"But take heed lest by any means this liberty of yours become a stumblingblock to them that are weak." (1 Corinthians 8:9)
As Christians, we should not only be concerned about the lost, but also about each other. Because it’s so easy to be discouraged, it helps to have someone who knows what we’re going through (namely, other Christians) to cheer us on in Christ.
Some may find this to be unimportant, but when saints of God begin to feel discouraged, it affects everything – their personal and professional lives, their overall disposition and appearance, their interaction with others, their spirituality, and much more. When this happens, they tend to become less involved in the things of God.
Probably if we were to be honest, at one time or another, we’ve been both a stepping stone AND a stumbling block to others. This is one reason we should take care with the words we speak. Like the Apostle Paul said in 1 Corinthians 8:12-13, referring back to touching things offered unto idols, "But when ye sin so against the brethren, and wound their weak conscience, ye sin against Christ. Wherefore, if meat make my brother to offend, I will eat no flesh while the world standeth, lest I make my brother to offend."
If you read all of Paul’s words in 1 Corinthians 8, you will see that even when something isn’t technically wrong, such as eating meat that had been offered as a sacrifice to idols, it becomes wrong when it’s done without considering how it might affect those who are weaker. For more of a modern example, it would be similar to seeing your pastor walk into a liquor store. Technically speaking, it wouldn’t be wrong for him to do so, especially if he was there to merely buy a bottle of wine for The Lord’s Supper, but because it could send a weaker Christian down a very misunderstood path, it might be better for someone else to make the purchase.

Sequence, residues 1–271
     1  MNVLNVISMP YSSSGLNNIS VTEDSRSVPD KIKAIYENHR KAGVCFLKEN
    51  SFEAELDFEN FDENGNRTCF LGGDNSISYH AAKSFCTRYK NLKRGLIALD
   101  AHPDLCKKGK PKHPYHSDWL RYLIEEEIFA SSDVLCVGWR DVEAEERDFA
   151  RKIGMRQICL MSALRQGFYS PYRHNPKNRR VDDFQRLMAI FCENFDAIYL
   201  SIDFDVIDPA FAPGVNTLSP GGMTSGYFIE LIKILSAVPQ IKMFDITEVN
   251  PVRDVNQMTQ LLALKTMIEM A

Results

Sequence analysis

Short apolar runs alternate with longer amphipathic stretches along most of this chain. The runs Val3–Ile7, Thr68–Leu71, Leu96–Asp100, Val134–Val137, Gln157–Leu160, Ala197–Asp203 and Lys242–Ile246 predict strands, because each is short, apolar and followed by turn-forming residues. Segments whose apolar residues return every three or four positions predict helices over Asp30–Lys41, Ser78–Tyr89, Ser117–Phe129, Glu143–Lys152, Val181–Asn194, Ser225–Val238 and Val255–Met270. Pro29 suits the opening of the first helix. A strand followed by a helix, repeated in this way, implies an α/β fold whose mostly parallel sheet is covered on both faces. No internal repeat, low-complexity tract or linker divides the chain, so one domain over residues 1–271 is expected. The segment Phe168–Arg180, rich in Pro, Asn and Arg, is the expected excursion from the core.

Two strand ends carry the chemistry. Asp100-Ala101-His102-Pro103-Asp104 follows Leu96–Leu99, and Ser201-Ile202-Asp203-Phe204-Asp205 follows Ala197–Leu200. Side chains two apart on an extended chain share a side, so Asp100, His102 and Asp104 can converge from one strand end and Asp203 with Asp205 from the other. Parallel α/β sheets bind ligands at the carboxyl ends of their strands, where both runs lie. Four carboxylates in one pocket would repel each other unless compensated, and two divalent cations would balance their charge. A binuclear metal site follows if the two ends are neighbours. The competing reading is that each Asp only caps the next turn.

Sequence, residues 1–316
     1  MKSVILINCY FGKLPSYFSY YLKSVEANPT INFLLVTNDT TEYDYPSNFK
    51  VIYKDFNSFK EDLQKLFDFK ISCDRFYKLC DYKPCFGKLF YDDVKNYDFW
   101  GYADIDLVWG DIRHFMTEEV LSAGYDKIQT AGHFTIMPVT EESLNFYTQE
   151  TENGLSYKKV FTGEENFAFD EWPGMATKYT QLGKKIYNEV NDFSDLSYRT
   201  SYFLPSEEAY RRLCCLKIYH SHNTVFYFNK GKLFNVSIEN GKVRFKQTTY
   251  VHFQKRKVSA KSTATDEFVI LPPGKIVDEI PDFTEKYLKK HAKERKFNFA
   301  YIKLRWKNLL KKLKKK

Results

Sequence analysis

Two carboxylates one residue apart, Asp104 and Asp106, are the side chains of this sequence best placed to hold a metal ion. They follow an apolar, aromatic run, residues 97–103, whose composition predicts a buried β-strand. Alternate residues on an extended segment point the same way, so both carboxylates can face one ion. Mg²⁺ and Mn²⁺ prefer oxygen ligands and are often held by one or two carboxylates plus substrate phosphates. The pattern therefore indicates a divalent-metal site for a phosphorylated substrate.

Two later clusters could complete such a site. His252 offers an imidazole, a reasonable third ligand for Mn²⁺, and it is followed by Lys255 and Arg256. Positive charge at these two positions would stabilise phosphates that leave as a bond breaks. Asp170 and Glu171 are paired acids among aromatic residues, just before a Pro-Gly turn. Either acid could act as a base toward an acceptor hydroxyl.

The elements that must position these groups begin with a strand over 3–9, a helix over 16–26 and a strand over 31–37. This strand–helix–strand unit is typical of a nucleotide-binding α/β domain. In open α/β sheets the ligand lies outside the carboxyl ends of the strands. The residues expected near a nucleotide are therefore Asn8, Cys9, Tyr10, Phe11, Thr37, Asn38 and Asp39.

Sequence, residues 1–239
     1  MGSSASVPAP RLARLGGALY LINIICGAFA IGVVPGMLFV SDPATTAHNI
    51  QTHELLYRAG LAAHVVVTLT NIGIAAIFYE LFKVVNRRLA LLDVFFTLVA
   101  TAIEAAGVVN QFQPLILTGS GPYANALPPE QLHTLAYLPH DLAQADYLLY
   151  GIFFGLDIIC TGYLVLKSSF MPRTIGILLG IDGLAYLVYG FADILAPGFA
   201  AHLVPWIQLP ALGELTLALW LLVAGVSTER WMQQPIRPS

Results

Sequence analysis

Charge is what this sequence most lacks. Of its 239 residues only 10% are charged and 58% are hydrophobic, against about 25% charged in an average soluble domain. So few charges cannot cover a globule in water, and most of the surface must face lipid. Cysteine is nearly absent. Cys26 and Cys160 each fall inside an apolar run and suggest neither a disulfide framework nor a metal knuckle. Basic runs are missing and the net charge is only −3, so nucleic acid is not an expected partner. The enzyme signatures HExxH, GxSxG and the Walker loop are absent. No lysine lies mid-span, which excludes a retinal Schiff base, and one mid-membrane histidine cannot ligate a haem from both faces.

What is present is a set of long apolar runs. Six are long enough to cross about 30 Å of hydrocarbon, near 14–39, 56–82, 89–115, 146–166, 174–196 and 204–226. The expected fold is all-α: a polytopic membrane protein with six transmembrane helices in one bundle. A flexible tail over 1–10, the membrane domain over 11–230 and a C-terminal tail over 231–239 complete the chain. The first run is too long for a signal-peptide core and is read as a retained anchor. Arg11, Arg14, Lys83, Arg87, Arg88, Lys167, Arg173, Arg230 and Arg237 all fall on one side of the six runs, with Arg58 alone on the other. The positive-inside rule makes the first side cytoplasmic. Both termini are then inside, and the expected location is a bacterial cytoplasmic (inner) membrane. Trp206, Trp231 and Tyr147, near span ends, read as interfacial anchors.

In three of the gospels (Matthew 18:6, Mark 9:42, Luke 17:2), The Lord said, quoting from Matthew, "But whoso shall offend one of these little ones which believe in me, it were better for him that a millstone were hanged about his neck, and that he were drowned in the depth of the sea."
Obviously, He didn’t mean it would be better for any of His own people to be drowned, but His words here do show how important it is not to offend other believers or cause them to stumble.
We never know when something we say or do could wound another person’s faith, so we should pray, for each of us, that by God’s grace we would long to be more of a stepping stone for our brothers and sisters in Christ – and not a stumbling block.
"Let us not therefore judge one another any more: but judge this rather, that no man put a stumblingblock or an occasion to fall in his brother’s way." (Romans 14:13)